Daily Survey  
Daily Survey

Belgrade, January 11, 2012



BELGRADE, Jan 10 (Tanjug) - Serbian President Boris Tadic and Director General of the European Organization for Nuclear Research (CERN) Rolf Dieter Heuer signed on Tuesday in Geneva an agreement declaring Serbia a CERN Associate Member State.
The decision on granting Serbia the associate membership was delivered on December 16, 2011, this being an important step towards the full membership in the organization, which should be secured in the next five years.
CERN was founded in 1954 by twelve countries, among which was Yugoslavia, which left the organization in 1961. In 2001, Serbia signed the agreement on cooperation, thereby announcing its gradual return. The organisation, located astride the Franco Swiss border near Geneva, now has 20 member states, hires around 2,400 employees and around 10,000 visiting scientists which represent more than 600 universities worldwide.
Around 30 Serbian scientists are taking part in two ongoing experiments ATLAS and CMS.
CERN is the world's largest laboratory for particle physics and the main researches are being carried out in the Large Hadron Collider (LHC). The experiment will bring about a revolution in people's understanding of the universe, antimatter and the Higgs boson or so-called God particle.
Prior to signing, Heuer staged a presentation to the Serbian president, instructing him in CERN's main areas of research.
Tadic then toured the LHC, the world's largest and highestenergy particle accelerator, in which the ATLAS and CMS experiments are being conducted.
Serbian Minister of Education Zarko Obradovic is in Geneva together with President Tadic. They are accompanied by former deputy prime minister Bozidar Djelic, who headed the Serbian delegation in negotiations over Serbia's associate membership.


BELGRADE, GENEVA, Jan 10 (Tanjug) - Serbian President Boris Tadic stated in Geneva on Tuesday that Serbia's accession to the European Organization for Nuclear Research (CERN) accelerates the research process and provides an opportunity for economic development.
"I am proud that we made a decision to join the project. Serbia's accession to CERN accelerates the research process and gives a chance to both those who have reached a creative peak and those who are yet to strive for it," Tadic told Tanjug.
Tadic and CERN Director General Rolf Dieter Heuer signed earlier today an agreement making Serbia an associate member of CERN.
Recalling that Serbia had a considerable 20year long halt in scientific development, Tadic stressed that being a part of this project, "perhaps the biggest one in human history, which is dedicated to discovering the universe," is very important for Serbian scientists, universities and institutes.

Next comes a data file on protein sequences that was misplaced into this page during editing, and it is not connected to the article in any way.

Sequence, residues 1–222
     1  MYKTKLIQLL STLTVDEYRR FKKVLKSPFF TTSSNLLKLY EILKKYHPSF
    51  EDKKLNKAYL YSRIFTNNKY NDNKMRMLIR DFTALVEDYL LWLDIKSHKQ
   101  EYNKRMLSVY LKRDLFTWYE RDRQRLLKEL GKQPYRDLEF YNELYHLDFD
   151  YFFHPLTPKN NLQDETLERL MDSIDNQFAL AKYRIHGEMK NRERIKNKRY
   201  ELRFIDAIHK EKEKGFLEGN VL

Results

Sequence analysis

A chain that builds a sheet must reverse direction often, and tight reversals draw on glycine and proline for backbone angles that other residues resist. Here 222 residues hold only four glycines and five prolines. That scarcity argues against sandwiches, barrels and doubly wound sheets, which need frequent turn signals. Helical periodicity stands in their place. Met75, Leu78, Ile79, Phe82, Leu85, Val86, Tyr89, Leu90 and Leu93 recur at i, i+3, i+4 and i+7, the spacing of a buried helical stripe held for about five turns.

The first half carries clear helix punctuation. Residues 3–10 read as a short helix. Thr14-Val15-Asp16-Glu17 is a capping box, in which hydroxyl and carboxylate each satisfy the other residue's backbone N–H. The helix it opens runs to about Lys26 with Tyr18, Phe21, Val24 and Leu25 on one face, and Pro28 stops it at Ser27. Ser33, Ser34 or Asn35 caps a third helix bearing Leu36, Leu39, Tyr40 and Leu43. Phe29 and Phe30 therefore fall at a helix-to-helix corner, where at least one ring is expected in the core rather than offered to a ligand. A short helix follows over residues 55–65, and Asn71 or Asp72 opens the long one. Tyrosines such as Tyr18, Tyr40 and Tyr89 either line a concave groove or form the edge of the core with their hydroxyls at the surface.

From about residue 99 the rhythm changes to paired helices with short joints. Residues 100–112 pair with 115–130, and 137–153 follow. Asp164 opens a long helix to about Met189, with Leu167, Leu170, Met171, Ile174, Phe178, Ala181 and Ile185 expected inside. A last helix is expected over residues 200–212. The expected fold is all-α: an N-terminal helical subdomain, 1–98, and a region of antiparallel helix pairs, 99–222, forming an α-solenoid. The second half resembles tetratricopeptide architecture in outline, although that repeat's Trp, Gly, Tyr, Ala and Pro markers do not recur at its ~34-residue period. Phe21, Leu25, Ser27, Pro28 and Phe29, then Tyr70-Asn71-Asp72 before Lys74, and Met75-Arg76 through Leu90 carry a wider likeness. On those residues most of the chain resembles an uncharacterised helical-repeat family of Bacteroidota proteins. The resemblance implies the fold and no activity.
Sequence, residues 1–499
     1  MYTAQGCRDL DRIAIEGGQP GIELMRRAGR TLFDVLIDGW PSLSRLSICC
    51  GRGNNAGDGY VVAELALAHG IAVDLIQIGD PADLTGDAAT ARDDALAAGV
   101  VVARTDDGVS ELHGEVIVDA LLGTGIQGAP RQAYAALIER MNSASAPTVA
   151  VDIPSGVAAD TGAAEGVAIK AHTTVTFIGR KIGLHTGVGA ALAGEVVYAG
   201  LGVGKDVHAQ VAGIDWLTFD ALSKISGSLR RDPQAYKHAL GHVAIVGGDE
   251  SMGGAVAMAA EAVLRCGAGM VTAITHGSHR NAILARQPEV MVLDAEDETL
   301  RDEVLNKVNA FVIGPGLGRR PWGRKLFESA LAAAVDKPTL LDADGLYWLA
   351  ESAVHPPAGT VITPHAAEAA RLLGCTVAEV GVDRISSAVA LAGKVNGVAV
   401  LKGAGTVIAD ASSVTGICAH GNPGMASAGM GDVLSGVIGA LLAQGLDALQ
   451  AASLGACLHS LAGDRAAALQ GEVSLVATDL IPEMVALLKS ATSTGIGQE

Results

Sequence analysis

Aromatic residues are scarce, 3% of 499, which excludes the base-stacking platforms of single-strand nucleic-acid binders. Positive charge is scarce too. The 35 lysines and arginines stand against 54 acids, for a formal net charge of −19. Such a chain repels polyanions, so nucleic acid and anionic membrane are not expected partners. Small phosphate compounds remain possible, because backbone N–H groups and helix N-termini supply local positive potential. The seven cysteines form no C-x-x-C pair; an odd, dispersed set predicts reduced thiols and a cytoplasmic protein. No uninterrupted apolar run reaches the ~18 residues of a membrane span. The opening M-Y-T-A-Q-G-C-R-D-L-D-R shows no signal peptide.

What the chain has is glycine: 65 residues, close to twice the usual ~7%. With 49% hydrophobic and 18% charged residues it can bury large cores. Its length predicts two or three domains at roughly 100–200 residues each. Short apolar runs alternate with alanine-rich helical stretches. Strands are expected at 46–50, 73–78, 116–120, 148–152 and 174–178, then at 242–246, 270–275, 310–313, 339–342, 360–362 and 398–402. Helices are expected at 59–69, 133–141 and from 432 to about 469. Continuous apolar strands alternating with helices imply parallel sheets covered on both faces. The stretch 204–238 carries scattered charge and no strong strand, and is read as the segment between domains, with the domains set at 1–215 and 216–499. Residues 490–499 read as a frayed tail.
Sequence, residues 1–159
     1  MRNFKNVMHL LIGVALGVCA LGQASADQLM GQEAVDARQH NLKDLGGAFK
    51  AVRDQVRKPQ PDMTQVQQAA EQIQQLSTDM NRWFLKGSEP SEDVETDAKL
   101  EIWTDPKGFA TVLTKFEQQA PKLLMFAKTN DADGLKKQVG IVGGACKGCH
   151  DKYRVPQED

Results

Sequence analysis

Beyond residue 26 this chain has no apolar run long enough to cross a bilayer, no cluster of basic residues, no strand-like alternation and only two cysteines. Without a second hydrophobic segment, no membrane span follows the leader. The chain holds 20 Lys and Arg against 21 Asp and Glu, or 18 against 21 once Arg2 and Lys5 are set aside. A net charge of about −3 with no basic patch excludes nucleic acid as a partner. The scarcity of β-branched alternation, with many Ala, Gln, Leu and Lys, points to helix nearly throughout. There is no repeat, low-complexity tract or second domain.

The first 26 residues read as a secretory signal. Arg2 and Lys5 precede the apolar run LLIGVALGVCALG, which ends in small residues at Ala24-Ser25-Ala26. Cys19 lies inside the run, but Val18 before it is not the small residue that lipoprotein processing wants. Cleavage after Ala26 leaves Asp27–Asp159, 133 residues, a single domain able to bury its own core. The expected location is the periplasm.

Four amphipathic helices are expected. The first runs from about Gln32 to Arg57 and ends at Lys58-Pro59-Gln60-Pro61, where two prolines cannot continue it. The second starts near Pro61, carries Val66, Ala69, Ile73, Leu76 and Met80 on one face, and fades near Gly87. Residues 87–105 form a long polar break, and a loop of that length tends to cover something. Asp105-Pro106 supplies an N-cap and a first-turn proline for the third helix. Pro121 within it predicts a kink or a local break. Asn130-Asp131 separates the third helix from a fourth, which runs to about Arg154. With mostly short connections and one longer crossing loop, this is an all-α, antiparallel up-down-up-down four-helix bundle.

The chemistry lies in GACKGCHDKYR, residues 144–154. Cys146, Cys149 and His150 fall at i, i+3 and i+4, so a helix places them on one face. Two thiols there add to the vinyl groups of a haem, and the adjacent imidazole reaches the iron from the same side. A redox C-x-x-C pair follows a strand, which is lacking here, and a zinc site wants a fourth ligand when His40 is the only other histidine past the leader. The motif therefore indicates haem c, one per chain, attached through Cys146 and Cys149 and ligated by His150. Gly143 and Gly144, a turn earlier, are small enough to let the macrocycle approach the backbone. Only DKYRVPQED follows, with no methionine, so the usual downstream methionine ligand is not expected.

"Some of our young scientists working on their PhD theses and research are here, and they grow through CERN," Tadic pointed out. He added that no country can develop without basic scientific research, particularly those implementable in industry. "There is no country that achieved a major or speedy economic development without making this component of knowledge relevant in its scientific, industrial, agricultural and even political production," Tadic underlined.
Before the signing of the agreement, Tadic toured CERN, and Director General Heuer threw a presentation of CERN's work for the Serbian president.


BELGRADE,GENEVA, Jan 10 (Tanjug) - Serbian President Boris Tadic conferred in Geneva on Tuesday with representatives of a number of international organizations.
Tadic met with Director General of the UN Office at Geneva and Secretary General of the Conference on Disarmament (CD) Kassym Tokayev. The CD was established in 1979, and one of the founders of this multilateral disarmament negotiating forum of the international community was the Socialist Federal Republic of Yugoslavia (SFRY).
SFRY was excluded from the CD membership with the outbreak of crisis in the territory. All sucessors of SFRY now have observer status, while Montenegro and Bosnia Herzegovina have submitted applications for fullfledged CD membership. Serbia is active member of the Informal Group of Observers States to the CD.
Tadic also had a meeting with Executive Secretary of the United Nations Economic Commission for Europe (UNECE) Jan Kubis. Serbia was appointed chair of the UNECE Executive Committee to the period 20112013. The Serbian president also conferred with World Intellectual Property Organization (WIPO) Director General Francis Gurry. Serbia was named chair of the WIPO General Assembly to the period 20112013.